The promising news is the Falcons have done a decent job patching some of the holes on their roster by signing Todd Gurley and Dante Fowler, as well as trading for Hayden Hurst. Unfortunately, they have limited cap space to make additional moves outside of the NFL Draft, and they had to cut Desmond Trufant to open up some money for Gurley and Fowler. This leaves the Falcons with a massive hole in their cornerback group. As things stand on paper, this is one of the worst units in the NFL, and they are in a division that features both Drew Brees and Tom Brady. If they do not patch up their secondary, these other moves will not matter in the first place.
The Falcons have the luxury of using their first-round pick on a cornerback, but relying on a rookie as one of your top corners is a gamble, regardless of the prospect. I fully expect the Falcons to address the position one way or another in the NFL Draft, but they are going to have to bring in some sort of veteran help.
Chase Irle broke down a few cornerback options still on the open market that could be of help, mentioning Brandon Carr, Daryl Worley, and Tramon Williams as options. Other corners such as Johnathan Joseph, Trumaine Johnson, Javien Elliot, Tramaine Brock, Logan Ryan, Darqueze Dennard, and Prince Amukamara remain available as well. If there is one position to still pick up some depth at this point in free agency, its cornerback, but it all boils down to cost.
One option that recently became available is former Bengal Dre Kirkpatrick. The first-round pick out of Alabama was cut more so due to being a cap casualty as opposed to porous performance, but he did only play in six games last season. Kirkpatrick was signed to a big-time contract back in 2017, and while he has not lived up to that billing, he is still a quality NFL corner who immediately becomes one of the best available players on the open market. Since he was cut, signing him would not prevent the team from receiving compensatory picks next season, though they may have to restructure some deals to open up the cap space it would take to add him to the mix.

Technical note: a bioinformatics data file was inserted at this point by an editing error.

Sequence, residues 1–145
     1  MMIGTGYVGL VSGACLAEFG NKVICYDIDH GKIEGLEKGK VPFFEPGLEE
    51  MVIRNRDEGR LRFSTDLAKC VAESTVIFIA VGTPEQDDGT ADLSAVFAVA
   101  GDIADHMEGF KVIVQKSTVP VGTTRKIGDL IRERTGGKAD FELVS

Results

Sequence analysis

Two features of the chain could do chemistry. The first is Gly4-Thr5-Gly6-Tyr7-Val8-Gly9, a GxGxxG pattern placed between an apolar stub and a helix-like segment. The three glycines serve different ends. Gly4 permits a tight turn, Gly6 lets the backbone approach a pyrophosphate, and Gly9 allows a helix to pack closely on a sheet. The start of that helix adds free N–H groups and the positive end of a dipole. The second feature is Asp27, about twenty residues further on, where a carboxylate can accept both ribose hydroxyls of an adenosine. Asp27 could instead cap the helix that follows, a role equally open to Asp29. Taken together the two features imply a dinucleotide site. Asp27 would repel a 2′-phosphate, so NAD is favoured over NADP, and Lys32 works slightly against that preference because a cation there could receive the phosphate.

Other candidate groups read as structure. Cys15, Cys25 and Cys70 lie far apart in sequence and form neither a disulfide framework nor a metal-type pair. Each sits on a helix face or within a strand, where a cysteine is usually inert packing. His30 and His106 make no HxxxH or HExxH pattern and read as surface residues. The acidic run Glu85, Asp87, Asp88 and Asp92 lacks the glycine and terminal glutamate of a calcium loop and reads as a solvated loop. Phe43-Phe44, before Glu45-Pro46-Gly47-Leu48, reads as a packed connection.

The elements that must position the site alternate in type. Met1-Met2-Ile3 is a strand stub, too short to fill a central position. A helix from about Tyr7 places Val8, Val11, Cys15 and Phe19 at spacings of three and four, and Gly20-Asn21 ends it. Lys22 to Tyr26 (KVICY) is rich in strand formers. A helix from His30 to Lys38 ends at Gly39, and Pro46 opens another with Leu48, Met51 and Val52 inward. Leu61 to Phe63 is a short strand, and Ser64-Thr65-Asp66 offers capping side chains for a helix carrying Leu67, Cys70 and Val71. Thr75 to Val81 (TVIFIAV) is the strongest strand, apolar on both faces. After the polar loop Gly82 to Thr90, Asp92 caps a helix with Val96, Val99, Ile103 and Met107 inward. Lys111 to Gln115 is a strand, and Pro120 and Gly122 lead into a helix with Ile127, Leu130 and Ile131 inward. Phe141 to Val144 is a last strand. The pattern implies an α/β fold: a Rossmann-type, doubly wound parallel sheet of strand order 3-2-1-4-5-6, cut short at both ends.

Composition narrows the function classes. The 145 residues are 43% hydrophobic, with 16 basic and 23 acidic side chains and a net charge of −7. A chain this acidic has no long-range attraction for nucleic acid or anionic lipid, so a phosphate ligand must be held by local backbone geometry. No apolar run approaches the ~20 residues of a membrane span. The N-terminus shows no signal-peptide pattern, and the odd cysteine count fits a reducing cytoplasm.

With that being said, it is not going to take a deal worth over $10 million AAV like he was signed to in 2017 for his services. Kirkpatrick deserved that contract but has been limited to 19 games in the past two seasons, with zero interceptions to show for it, as the Bengals fell apart as a team. His medicals will be a significant factor in deciding whether he is worth an investment now that he is on the wrong side of 30 years old, but those have become impossible to conduct thanks to the coronavirus, which may be another thing that deters the Falcons.
I am not going to sit here and say Kirkpatrick does not come without risk, but he’s a decent buy-low candidate. A one-year deal under $5 million could benefit both sides, as a change of scenery could do him well. Adding a veteran such as Kirkpatrick and pairing him with a first-round corner may just be enough to mask the Falcons’ most significant flaw heading into 2020.